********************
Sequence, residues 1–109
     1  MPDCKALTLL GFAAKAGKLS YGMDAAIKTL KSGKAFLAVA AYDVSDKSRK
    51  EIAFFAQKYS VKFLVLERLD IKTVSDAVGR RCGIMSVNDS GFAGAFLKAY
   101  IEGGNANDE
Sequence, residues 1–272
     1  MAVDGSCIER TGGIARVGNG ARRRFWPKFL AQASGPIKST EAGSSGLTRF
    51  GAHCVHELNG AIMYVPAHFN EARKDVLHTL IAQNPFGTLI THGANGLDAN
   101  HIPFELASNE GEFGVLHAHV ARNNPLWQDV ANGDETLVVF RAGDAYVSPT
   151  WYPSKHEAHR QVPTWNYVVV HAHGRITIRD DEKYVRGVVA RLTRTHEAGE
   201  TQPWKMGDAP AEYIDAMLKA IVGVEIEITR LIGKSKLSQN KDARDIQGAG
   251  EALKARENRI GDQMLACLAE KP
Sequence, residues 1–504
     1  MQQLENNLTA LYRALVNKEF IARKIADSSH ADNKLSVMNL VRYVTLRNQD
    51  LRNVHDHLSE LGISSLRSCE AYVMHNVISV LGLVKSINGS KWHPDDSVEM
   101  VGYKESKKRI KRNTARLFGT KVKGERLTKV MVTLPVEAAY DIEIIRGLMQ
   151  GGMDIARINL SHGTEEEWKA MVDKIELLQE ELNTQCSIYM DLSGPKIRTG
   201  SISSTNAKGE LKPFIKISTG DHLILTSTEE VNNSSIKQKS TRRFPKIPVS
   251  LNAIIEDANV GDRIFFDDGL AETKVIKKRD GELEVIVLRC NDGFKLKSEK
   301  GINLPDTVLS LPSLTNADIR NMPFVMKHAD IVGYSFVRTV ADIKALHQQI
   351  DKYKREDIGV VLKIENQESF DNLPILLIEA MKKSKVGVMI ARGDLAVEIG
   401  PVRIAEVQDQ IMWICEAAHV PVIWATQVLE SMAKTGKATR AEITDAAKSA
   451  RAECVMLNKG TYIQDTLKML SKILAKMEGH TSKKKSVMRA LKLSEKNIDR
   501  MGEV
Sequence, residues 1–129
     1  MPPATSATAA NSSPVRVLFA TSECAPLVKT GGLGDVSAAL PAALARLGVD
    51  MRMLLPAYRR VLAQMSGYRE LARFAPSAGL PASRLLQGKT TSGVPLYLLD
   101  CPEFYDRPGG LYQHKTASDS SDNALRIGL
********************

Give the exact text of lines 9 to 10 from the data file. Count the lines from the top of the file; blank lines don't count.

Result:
   151  WYPSKHEAHR QVPTWNYVVV HAHGRITIRD DEKYVRGVVA RLTRTHEAGE
   201  TQPWKMGDAP AEYIDAMLKA IVGVEIEITR LIGKSKLSQN KDARDIQGAG